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  1. #1
    Senior Member Daedalus's Avatar
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    Default Separation of Church & State (split)

    Quote Originally Posted by The_Liquid_Laser View Post
    It doesn't sound like you want gender equality, so much as you want to force the Red States to elect Democrats.
    I just want the constitutional separation of church and state enforced
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    Freshman Member simulatedworld's Avatar
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    Quote Originally Posted by Starsiege View Post
    I just want the constitutional separation of church and state enforced
    I love the far righter loons who claim it doesn't exist. It's as if they've never read the fucking First Amendment.
    If you could be anything you want, I bet you'd be disappointed--am I right?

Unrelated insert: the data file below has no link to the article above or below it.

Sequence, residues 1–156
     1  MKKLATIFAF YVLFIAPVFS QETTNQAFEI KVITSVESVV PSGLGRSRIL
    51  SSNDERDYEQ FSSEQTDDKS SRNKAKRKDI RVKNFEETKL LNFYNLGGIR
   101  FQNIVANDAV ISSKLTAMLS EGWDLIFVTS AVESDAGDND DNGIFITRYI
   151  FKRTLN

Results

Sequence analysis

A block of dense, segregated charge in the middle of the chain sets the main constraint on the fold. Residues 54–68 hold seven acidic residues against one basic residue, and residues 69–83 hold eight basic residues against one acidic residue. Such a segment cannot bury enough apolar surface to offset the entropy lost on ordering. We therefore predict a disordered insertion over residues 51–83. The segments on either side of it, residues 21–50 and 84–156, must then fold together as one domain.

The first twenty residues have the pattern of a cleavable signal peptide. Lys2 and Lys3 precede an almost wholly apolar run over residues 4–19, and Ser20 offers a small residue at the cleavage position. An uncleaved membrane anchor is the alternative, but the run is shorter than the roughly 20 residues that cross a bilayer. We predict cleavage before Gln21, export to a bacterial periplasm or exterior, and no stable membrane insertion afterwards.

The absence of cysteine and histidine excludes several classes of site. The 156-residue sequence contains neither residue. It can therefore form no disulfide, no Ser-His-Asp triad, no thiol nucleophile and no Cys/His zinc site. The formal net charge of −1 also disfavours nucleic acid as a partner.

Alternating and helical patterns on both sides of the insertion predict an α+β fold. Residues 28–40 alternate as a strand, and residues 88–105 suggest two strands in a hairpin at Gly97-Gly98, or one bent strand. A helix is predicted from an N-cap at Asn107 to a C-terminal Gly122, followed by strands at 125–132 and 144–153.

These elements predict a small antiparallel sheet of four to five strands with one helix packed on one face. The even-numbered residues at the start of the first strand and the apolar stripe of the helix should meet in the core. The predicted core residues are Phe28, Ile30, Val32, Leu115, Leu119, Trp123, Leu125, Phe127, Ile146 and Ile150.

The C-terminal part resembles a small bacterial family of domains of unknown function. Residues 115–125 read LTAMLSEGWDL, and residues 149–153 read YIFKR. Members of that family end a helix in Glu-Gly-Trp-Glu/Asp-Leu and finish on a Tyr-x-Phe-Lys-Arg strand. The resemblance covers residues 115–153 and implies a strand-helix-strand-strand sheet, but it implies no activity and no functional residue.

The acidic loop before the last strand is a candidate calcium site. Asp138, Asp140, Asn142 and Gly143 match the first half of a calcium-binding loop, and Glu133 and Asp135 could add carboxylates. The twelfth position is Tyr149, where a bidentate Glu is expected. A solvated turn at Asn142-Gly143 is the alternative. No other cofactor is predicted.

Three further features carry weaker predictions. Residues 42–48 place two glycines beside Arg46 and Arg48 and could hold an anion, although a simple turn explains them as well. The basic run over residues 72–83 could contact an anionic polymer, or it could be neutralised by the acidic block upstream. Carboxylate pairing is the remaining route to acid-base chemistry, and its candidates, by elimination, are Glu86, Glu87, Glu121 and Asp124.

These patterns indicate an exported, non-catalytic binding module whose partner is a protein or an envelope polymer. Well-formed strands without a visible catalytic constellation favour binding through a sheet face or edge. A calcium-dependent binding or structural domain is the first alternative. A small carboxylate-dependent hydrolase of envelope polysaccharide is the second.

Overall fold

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    Happy Dancer uumlau's Avatar
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    Quote Originally Posted by simulatedworld View Post
    I love the far righter loons who claim it doesn't exist. It's as if they've never read the fucking First Amendment.
    It doesn't exist.

    It's the classic game of telephone. "Separation of church and state" is quoting Thomas Jefferson, and it is a valid depiction of what the "fucking First Amendment" means, but it is not identical. "Congress shall make no law" is quite different from "the courts shall order the state-controlled schools." Students and teachers and school employees are all citizens whose "fucking First Amendment" rights should be respected.

    Frankly, there is no reasonable objective meaning of "separation of church and state." That's the real problem. It's just a description, not a legal interpretation.

    FWIW, I agree that public schools shouldn't proselytize, but court rulings often go further than that, because the line between voluntary practice and proselytization is blurry. There is a real conflict between the simultaneous interpretation of "Congress shall make no law respecting an establishment of religion," and "or prohibiting the free exercise thereof," because citizens may both practice religion and act in a government capacity.